Chrissie Hirst, Corra Foundation presented the draft criteria for the UNCRC innovation fund. The fund will be administered by the corra foundation and launched in the spring. It will support public bodies and local authorities to develop a child’s rights-based approach and embed children’s rights into culture, policy and practice. The value of the fund is £500,000 and it is anticipated that between 10 and 15 grants will be made. Public bodies and local authorities can apply individually or in partnership, and as part of a coalition which can include other applicants including the third sector. Successful applicants will be encouraged to engage with their children’s services planning partnerships in taking work forward.
Priority will be given to applications which target support for infants, children and young people who face an increased risk of not having their rights fulfilled. This approach will be based on the definitions of vulnerability developed by the Covid-19 Children and Families Collective Leadership Group and protected characteristics as, for example, referenced in the state of children's rights in Scotland report.
Applications can propose projects which are implemented within the time window of 1 September 2023 to 31 December 2024. Successful applicants will be required to report on their use of the grants through online meetings and formal reports.
Members made the following points in discussion:
- the programme priorities paper should include the work taking place to promote children and young people’s participation
- there are good opportunities to progress and embed UNCRC through the development of children’s services plans for 2023-26 including in health and related services such as alcohol and drug services and housing
- consideration should be given to how areas such as transport are working with children and young people. This could be developed as practical examples of UNCRC in action such as Strathclyde partnership for transport’s work with young Scot
- the disabled children and young people’s advisory group offered its advice and assistance including in relation to issues such as transport and play park facilities
- the improvement service has surveyed local authorities on issues where further partnership working would be most useful and this can assist work on UNCRC. The improvement service welcomed the suggestion of a joint narrative as helping to address issues raised in the survey
- C&FNLG should discuss at a future meeting the potential for better linking up funding streams to improve outcomes for children and young people
The group agreed with the need for further engagement work with public bodies to continue to raise awareness of UNCRC implementation issues and prepare for commencement.
Unaccompanied asylum seeking children (paper 2/3)
Joanna MacDonald provided an update on work taking place at UK and Scottish levels to support unaccompanied asylum seeking children. A Scottish Government/COSLA co-chaired governance group has been established to help address accommodation needs and other pressures. Updates from the group will be provided to C&FNLG as their work progresses.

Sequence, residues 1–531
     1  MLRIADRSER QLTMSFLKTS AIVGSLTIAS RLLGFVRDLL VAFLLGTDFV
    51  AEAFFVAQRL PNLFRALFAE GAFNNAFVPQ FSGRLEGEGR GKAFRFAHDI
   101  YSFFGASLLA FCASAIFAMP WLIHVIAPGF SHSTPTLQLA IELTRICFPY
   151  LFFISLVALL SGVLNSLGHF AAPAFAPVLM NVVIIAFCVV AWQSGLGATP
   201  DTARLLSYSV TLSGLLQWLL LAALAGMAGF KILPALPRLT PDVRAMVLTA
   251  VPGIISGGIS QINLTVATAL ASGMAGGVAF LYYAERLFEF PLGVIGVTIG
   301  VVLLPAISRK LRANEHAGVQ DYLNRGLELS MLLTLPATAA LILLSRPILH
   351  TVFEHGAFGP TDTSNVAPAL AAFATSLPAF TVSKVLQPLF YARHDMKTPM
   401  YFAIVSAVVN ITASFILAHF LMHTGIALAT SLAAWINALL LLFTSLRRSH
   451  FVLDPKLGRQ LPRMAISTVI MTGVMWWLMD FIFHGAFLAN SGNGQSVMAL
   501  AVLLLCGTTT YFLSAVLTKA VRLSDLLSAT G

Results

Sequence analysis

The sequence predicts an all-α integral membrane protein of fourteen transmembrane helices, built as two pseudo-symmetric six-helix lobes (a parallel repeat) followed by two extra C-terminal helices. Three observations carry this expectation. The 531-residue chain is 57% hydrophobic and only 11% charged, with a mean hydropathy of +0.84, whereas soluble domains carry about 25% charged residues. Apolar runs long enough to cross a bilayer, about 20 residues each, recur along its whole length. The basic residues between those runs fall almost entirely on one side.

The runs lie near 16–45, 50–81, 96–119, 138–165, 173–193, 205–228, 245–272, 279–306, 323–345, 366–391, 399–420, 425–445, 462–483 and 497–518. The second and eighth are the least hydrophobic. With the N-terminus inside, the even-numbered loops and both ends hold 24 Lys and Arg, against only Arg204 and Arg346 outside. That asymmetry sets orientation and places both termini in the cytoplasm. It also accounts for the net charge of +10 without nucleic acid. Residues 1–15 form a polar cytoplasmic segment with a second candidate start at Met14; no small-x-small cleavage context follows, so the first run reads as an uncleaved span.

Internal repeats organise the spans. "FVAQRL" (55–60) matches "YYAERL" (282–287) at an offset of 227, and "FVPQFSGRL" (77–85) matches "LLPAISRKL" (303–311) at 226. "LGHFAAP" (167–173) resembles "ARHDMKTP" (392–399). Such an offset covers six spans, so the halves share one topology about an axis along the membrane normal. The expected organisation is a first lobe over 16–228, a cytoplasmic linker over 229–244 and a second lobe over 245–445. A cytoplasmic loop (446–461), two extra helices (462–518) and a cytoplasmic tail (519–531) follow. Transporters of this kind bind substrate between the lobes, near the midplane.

Aberlour child care trust (as a CCPS member) had submitted written comments expressing concern over a lack of planning for the national transfer scheme; lack of suitable accommodation facilities and consequent adverse impacts on health and wellbeing; the need for more co-ordinated inter-agency support work including for the guardianship service; the potential role of the home office as a corporate parent; and recruitment and resource pressures on social work services staff.
Further comments from members were as follows:
- need to consider the full range of pressure points and support provision for UASC including continuing care requirements and educational pathways and the availability of funding at Scottish and UK levels
- essential to consider carefully the advantages and disadvantages of reception centres
Workforce pressures and recruitment and retention issues for children’s services should be discussed at a future C&FNLG meeting. There is a clear need to undertake some longer term planning and put in place a financial framework that anticipates future workforce challenges and changes.
Proposals for future agenda items (paper 2/4)
Peter Donachie summarised the proposals for future agenda items in paper 2/4 and invited further suggestions from members.
As discussed earlier in the meeting, suggestions for further items were:
- consideration of the potential for better linking up funding streams to improve outcomes for children and young people
- workforce pressures and recruitment and retention issues for children’s services
Any other business and close
There was no further business. The next meeting will be on 22 March and cover:
- review of progress on the recommendations of the short life working group on under-18s in custody.
- whole family wellbeing funding; spending proposals for 2023/24